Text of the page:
african american women stretchign

Let’s say you’ve been following my advice all along.

You’ve committed to a training plan that involves both cardio and strength training; You’ve committed to clean eating; You’re getting adequate sleep. You’re looking better, you’re feeling better, and your quality of life is improving as a result of it all.

Everything is great, except for one thing: You’re incredibly sore after your training!

Yes, that’s right – all of that training is resulting in you being so sore that you can barely move the next day. In fact, the soreness is so severe, you sometimes struggle with being able to stay consistent with training to full intensity and your ability to give 100% on the training room floor is compromised by it.

Now, plenty of people will tell you about DOMS – delayed onset muscle soreness – and how the natural process of lactic acid spilling from torn muscle fibers is just a natural part of training, but really… is it? And, if so, does it have to be so painful?

Of course not. Here are four quick tips to reduce post-workout soreness.

1) Make sure your body is balanced during your workout.​ In troubleshooting training soreness, the first question I have to ask is, are we sure this is a direct result of successful lifting, and not poor form or uneven training? Oftentimes, people come into training with a dominant arm or leg, and when they have a particularly challenging movement to execute, they lean more on that dominant limb as opposed to aiming to use both equally. This results in one side of the body being weaker than the other, and one side of the body being more sore than the other.

A quick way to check for that is to take a tape measure to the primary muscle groups around your limbs – measuring your biceps, your forearms, your thighs, and your calves – in the same spot on each side. If you’re using more power in your chest, that should also reflect in the corresponding arm, and the same goes for your lower abs and its corresponding leg. And, for correcting the problem, it’s simple – choose exercises that focus on one limb at a time, and either use a heavier weight in that hand or on that leg, or add an extra set of reps. Keep track of those measurements using your measuring tape until your measurements match up, and you should feel a more even sense of training when you’re getting it in.

But what about if you’re equally balanced, and still struggling with soreness?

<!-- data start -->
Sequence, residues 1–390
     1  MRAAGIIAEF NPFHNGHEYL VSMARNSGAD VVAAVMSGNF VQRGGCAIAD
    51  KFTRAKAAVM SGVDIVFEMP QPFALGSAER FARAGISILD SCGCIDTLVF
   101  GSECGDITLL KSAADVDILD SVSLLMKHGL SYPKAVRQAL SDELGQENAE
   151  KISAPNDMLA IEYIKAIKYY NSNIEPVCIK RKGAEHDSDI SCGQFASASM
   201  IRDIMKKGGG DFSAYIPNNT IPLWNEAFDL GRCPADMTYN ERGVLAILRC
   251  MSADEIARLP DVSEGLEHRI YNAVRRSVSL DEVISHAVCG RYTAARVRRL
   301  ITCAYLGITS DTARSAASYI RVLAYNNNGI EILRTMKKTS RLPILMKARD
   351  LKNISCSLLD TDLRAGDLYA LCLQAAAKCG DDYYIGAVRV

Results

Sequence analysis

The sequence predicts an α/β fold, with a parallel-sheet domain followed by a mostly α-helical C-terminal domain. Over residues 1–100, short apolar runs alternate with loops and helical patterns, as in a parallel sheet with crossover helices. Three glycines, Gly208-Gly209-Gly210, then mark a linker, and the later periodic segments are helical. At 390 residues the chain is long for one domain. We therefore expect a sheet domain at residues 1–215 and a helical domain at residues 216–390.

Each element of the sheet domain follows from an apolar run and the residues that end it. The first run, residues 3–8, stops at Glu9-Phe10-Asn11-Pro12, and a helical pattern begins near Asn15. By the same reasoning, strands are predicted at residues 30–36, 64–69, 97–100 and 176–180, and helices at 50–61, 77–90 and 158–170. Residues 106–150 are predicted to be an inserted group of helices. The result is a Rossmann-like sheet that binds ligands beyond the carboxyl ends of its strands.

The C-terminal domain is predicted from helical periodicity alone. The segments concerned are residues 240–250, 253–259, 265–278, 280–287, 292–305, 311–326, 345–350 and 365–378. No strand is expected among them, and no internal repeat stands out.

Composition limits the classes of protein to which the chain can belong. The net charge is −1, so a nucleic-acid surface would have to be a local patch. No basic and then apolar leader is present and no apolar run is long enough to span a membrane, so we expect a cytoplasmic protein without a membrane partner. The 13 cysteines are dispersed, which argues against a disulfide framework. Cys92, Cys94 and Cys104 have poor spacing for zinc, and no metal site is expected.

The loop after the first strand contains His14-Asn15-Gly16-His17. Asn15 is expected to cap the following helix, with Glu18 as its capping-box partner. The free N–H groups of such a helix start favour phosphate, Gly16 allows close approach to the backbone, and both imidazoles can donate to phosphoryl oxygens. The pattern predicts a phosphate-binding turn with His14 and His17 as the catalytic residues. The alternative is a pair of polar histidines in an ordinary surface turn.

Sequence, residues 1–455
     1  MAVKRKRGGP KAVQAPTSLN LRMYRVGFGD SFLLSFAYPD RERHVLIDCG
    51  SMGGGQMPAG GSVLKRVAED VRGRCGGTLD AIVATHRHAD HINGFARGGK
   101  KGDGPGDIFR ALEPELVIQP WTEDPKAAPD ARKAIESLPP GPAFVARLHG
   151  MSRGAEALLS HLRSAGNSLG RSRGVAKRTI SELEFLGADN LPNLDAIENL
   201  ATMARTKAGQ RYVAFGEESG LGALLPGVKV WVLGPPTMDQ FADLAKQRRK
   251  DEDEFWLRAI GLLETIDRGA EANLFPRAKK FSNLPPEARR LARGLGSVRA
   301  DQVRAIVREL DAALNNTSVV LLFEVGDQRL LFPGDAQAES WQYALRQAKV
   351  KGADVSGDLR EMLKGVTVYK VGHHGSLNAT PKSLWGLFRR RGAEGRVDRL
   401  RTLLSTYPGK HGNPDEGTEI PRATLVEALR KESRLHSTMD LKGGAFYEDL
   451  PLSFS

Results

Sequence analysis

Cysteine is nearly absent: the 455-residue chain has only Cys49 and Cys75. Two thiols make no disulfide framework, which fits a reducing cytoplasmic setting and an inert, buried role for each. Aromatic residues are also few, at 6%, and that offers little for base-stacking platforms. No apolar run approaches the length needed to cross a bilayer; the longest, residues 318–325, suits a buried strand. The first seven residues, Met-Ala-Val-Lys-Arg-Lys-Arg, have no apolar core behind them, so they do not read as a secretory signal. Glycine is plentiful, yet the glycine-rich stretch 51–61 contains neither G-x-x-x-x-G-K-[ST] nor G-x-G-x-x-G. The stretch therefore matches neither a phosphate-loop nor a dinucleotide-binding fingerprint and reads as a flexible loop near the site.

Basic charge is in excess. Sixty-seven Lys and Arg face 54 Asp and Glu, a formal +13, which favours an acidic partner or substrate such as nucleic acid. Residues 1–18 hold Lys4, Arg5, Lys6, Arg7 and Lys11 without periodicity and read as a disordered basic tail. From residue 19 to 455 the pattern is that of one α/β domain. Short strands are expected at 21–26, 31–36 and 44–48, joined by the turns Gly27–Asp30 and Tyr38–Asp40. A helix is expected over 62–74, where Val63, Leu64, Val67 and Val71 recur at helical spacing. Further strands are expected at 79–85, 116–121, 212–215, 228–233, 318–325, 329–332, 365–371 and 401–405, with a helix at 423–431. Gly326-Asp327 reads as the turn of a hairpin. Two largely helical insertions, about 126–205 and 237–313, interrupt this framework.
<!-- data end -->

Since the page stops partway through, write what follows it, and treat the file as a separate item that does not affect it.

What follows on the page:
2) Give yourself a deep-tissue massage. When it comes to minimizing DOMS and maximizing training success, there are a few things you can do to help keep yourself from extended soreness and potential injury, like foam rolling. Foam rolling – otherwise known as self-myofascial release – is basically the use of a giant cylindrical unit of foam or ridge-covered plastic that you roll various parts of your body across in order to give yourself a deep tissue massage.  Foam rolling before you train will help your body warm up to the work you’re going to put it through, alleviating some of the stress put on the muscle groups prior to training; foam rolling after the training helps work out any knotting or kinks that might develop in muscle fibers that fail to heal properly.

3) Listen to your body. About that lactic acid – that stuff actually doesn’t cause your run of the mill soreness. Instead, the process that produces the acid also produces the soreness, and can be intended as a sign to ease up on the training. Leaving at least 48 hours between training sessions for any particular muscle group gives your body the time to heal itself properly as well as limits the potential for acid buildup, which is a concern because the acid can limit your muscle groups’ ability to do its job.

4) Stay Hydrated. On top of all that, drinking lots of water during training and having a meal plan that is full of both quality protein (around 1 gram of protein per pound of lean body mass – a little less for women, a little more for men) and a colorful array of vegetables will also aid your body in healing from training soreness. 

Keep yourself and your physical health in mind, and – like I always say – your body will thank you for it!

Erika Nicole Kendall is a trainer certified in women’s fitness, fitness nutrition and weight loss coaching who also chronicles her own 160lb weight loss journey on the award winning blog, A Black Girl’s Guide to Weight Loss. Hit her up on Twitter, or check her out on Facebook.